Leading-Edge Technology to Guide Cancer Treatment

Lieb is using a novel, low-cost technology developed by his lab that can identify precursors of DNA ON/OFF errors, which in turn can help identify different types of a given cancer -- even if they look the same under a microscope. They are testing this approach on 100 breast cancers.

Jason Lieb, PhDJason Lieb, Ph.D., an associate professor in the department of biology and Carolina Center for Genome Sciences, conducts research on how genes are turned "ON" and "OFF" at the right place and time. Understanding these issues is very important to cancer, since having the wrong genes ON or OFF at the wrong time is characteristic of every cancer type.

Lieb is using a novel, low-cost technology developed by his lab that can identify precursors of DNA ON/OFF errors, which in turn can help identify different types of a given cancer -- even if they look the same under a microscope. They are testing this approach on 100 breast cancers. If the results turn out as they expect, they will submit a much larger proposal to the National Institutes of Health and work toward methods that can help make sure women receive the medicine that is most likely to work for their breast cancer type.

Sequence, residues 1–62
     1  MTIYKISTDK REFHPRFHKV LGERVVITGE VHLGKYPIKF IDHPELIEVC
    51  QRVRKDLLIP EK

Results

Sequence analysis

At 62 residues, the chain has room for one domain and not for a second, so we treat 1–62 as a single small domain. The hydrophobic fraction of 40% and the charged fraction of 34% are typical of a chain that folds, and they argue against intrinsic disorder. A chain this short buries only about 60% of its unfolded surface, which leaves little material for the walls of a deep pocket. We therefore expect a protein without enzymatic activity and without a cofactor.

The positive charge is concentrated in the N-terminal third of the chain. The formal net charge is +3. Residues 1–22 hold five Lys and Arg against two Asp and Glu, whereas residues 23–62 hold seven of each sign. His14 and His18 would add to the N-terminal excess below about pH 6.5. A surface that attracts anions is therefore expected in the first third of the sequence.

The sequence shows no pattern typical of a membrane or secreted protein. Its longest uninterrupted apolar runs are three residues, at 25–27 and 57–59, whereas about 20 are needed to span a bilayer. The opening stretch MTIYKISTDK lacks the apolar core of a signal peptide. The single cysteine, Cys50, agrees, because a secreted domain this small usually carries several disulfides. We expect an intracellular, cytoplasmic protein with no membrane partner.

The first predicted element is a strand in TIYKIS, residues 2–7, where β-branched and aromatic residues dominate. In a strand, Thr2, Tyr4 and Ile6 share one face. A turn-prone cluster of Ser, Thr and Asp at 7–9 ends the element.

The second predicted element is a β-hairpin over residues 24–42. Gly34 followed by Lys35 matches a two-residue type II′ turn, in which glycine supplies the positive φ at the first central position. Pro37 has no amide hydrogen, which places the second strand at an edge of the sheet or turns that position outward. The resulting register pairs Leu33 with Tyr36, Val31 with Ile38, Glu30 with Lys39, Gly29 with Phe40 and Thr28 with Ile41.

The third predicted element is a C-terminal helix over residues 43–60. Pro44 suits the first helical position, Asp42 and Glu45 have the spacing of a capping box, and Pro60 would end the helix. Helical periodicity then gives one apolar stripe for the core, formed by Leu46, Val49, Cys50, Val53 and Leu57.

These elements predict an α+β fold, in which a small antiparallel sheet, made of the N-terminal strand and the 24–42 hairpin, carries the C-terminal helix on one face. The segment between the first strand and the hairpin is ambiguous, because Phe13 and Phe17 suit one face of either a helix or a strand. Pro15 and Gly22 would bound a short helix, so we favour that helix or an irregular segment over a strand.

Being able to determine the entire DNA sequence of an individual's cancer - something that was only dreamt of five years ago - may soon be the basis for diagnosing cancer and guiding its treatment. Advanced sequencing that works rapidly and efficiently is expensive, and currently only the most "elite" hospitals and universities have been able to invest in this forward thinking technology.

Thanks to UCRF support, UNC has purchased revolutionary, state-of-the-art high-throughput DNA sequencers. Lieb explained, "Using both sequencers we can sequence up to 6 billion DNA bases per week, twice the number of bases in the human genome, which took 10 years to sequence. It's like the difference between a bullet train and a horse-drawn carriage."